Generation homeless: Are rising house prices the most difficult challenge facing young people?

21 March, 2016

Sahil Suleman of Queen Elizabeth's School, Barnet, won the 14-16 year old category of ifs University College's Young Financial Journalist of the Year Competition. Entrants were asked to write an essay answering the question: What is the biggest financial challenge facing your generation?

With rising house prices, and low real-term wage growth, could buying a home be the most difficult challenge that young people will face?

House prices have risen 9.7% in the year to January, and the average UK house or flat costs £212,430. With this trend being forecast to continue on into the future, house prices will become more and more unaffordable for young generations.

""Upwards pressure on house prices may be a result of a shortage of supply and a strengthening of demand in the housing market, a view supported by a number of house market indicators,"" the ONS said. 

In 2007, the Labour government set a target for 240,000 homes to be built each year by 2016. The UK government has been unable to meet these targets, and have only built 150,000 homes a year since. With complex planning conditions and a lack of available land in the UK, this has made it hard for home builders to build enough homes to meet the rising demand, causing a large rise in prices.

With this trend expected to continue, young adults will find it increasingly hard to buy a home. With real-wages rising very slowly compared to the rapid rise in house prices, housing will become more and more unaffordable, with monthly mortgage repayments also becoming more expensive for those who do buy homes.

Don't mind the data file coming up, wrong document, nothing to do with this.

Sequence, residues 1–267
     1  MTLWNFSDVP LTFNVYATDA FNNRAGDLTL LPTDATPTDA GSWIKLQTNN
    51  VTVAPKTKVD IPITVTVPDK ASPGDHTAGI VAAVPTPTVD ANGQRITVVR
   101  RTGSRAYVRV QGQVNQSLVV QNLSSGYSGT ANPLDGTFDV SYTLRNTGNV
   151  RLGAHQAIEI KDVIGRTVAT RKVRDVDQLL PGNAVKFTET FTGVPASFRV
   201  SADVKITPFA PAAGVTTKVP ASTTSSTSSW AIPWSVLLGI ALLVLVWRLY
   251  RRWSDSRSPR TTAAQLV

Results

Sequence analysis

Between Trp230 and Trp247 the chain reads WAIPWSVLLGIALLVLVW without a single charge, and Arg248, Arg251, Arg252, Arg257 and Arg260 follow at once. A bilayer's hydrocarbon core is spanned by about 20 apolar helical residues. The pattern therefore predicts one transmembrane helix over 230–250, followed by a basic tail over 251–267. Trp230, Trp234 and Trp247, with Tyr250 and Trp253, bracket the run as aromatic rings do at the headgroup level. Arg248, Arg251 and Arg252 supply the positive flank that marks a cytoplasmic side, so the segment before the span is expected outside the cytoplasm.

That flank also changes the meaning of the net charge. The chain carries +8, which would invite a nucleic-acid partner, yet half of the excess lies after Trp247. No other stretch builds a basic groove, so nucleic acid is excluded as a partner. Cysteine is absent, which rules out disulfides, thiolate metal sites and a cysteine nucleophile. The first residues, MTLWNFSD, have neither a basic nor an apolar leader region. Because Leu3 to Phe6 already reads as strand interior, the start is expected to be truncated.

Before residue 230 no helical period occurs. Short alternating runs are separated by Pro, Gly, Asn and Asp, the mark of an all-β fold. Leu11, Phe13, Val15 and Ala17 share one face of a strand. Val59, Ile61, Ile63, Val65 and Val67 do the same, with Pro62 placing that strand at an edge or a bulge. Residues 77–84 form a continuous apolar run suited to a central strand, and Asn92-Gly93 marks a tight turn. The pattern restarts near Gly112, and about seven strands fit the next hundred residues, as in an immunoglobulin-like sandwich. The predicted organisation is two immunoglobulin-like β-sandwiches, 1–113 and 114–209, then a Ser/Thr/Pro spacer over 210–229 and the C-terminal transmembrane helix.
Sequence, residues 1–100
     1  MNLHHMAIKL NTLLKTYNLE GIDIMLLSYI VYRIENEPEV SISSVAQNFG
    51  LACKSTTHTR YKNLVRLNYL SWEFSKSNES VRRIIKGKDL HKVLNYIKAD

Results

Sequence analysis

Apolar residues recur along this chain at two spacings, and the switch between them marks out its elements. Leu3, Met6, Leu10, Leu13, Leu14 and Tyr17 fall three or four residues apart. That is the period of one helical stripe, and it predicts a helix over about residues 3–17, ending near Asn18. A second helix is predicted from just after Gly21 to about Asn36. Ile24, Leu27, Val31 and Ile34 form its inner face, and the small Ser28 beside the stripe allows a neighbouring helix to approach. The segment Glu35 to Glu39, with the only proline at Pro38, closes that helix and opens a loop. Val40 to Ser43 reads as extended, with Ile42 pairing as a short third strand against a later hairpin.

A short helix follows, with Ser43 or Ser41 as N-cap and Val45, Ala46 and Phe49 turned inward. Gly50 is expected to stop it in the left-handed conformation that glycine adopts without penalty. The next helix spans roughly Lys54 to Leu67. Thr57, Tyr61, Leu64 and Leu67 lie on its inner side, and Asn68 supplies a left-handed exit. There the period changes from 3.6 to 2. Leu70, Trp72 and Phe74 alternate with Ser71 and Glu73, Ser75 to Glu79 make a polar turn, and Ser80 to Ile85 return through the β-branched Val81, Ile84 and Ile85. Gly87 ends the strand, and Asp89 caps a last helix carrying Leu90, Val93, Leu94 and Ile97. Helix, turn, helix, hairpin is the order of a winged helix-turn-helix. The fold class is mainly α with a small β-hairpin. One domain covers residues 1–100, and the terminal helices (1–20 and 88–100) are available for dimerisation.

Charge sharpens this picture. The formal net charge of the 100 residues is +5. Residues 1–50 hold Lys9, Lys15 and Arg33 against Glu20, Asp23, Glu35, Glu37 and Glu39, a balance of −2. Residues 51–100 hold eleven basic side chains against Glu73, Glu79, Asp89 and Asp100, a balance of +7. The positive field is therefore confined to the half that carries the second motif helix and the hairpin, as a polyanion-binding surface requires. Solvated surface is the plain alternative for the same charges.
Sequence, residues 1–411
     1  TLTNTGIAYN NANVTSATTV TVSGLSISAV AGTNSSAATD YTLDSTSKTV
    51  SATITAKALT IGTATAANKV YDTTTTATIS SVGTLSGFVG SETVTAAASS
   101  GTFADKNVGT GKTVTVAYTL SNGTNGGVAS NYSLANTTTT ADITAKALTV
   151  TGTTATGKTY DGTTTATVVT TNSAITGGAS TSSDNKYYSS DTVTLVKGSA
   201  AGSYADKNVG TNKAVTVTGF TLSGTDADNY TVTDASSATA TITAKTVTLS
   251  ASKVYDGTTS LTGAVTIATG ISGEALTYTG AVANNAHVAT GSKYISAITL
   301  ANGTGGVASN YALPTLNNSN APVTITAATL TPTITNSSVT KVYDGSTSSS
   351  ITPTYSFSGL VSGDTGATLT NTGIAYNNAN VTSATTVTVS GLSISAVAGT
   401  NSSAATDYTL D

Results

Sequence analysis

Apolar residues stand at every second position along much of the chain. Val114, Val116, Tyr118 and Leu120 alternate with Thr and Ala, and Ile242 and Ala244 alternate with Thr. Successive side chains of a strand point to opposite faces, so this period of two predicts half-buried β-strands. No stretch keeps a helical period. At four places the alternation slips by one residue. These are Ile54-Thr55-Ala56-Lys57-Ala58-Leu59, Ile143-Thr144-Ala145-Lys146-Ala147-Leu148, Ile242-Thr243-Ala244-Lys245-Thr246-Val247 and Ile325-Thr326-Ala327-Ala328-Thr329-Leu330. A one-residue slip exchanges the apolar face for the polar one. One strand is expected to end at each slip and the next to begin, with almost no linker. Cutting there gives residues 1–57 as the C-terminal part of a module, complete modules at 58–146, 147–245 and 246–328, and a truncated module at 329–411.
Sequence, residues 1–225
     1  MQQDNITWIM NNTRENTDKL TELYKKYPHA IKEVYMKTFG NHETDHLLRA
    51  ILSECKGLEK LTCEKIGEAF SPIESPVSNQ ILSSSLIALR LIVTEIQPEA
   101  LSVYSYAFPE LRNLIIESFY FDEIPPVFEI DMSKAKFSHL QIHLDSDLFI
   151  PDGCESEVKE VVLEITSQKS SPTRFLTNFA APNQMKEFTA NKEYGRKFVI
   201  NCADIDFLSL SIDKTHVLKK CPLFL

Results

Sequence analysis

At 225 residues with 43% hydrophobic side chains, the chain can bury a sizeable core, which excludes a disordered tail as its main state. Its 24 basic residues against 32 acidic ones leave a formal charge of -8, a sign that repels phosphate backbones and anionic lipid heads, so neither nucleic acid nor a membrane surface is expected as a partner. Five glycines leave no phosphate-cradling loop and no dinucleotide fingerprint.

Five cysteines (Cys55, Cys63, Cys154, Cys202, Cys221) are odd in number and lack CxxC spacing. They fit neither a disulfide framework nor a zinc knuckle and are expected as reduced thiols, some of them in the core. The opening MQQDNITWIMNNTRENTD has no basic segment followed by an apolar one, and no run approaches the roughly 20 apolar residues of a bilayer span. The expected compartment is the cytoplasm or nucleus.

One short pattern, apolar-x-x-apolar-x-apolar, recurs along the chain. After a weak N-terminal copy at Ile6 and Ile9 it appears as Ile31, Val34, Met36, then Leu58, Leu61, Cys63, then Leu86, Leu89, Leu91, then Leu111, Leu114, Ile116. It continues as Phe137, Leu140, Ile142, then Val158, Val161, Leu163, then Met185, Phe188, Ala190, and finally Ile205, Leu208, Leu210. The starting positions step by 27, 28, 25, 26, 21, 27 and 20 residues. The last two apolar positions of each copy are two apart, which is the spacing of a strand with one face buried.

Unless real-term wages and employment levels start to increase at the same pace as house prices, we may see a similar situation as to what happened in USA in 2008

Mortgages will also be harder to acquire. After the financial crash of 2008, where financial institutions invested in the sub-prime market, allowing people with untested or poor credit histories to acquire mortgages, many banks have tightened their conditions, and have reduced the risk of lending mortgages by only lending to people with good credit histories who are likely to repay debt. 

Since 2008, the government changed the role of the UK banking regulation system, creating bodies such as the Financial Conduct Authority and the Prudential Regulation Authority. These bodies monitor banks closely to prevent another housing crisis, forcing banks to become more cautious about who they lend to. This will mean that it is harder for young people to acquire a mortgage as banks are less likely to lend to young people who have untested credit histories, and therefore young people may have to delay the purchase of a house until they are older and banks can trust them. This provides another challenge for buying a home. With 60% of all houses in the UK being bought through mortgages, a tightening of the conditions needed to obtain one will mean that houses will become even more unaffordable for young adults whose purpose of buying a home is for residence.